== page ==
The studying I am talking about doesn't necessarily mean setting on your desk and surrounding yourself by nihongo books and sheets.

You can always learn new things by staying connected to the language, because you want to not because you have to.
This can be achieved as simple as just looking up a new kanji you see in a station name on your way,and talking in Japanese with your friends.
It's ok to make mistakes and its totally ok to reach dead ends, you can always ask about the right way to say what you want to say.

And there is no difference here(in terms of improvement it current if you wish :p ) between someone who studied for 4 years or someone who studied for 1 year because when you have basic Japanese, you have what it takes to advance on your own.
So what is left is up to the learner.

I am not saying you have to achieve a language level as those who study it as a major.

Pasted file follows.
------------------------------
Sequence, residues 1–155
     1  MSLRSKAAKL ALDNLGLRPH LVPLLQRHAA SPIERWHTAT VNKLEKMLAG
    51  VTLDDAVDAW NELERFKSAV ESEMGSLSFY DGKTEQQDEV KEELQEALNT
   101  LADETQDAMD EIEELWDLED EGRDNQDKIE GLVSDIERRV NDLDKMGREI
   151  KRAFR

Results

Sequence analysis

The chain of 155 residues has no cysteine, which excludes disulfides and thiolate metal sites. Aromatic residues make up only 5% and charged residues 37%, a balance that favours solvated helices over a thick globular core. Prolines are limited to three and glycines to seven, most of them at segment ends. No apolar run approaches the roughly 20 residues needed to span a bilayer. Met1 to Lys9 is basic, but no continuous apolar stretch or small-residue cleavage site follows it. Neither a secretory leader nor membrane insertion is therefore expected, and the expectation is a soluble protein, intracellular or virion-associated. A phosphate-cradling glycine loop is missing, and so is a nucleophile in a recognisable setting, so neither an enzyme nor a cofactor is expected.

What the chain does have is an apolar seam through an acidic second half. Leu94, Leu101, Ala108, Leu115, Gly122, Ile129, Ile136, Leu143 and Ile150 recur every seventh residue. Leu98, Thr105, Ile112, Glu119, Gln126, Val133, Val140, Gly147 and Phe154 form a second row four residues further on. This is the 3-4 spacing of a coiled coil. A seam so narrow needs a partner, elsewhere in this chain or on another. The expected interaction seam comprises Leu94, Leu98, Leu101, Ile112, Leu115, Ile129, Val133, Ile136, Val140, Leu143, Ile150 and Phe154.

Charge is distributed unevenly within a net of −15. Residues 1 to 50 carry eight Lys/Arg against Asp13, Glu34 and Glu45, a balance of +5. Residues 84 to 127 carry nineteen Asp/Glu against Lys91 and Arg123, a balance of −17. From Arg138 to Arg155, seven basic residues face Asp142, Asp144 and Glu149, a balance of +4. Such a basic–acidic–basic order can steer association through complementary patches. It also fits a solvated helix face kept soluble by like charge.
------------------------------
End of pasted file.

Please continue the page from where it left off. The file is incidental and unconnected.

Good conversational skills and fair reading skills should be generally enough.

...Again it depends on how much you enjoy the language whether it's a tool that you are obliged to use or something that you really enjoy.

Saemon 左衛門 said...

Very well said Amani-san! Migoto desu!

To correct subzero-san, I want to mention that your first contact with Japanese was from 8th grade and not university if i remember correctly, right? And you went on and off and at your own merry pace since then. I think that this proves that time is not an issue.

I started around 5 years ago.. and I think it might take 5 more years to achieve my goal (of bringing my Japanese level up to my English level).


Kanji_chan said...

Saemon san,
Yea somewhere in the 8th~10th grade period.Can't remember the exact point.
The K.H.I. jidai
*K.H.I.:konnichi wa. hai. iie ww

I think I have the same goal too,so otanoshimi ni too!:)

brad said...

I think you have to learn Japanese language so you can't get trouble while behaving with society.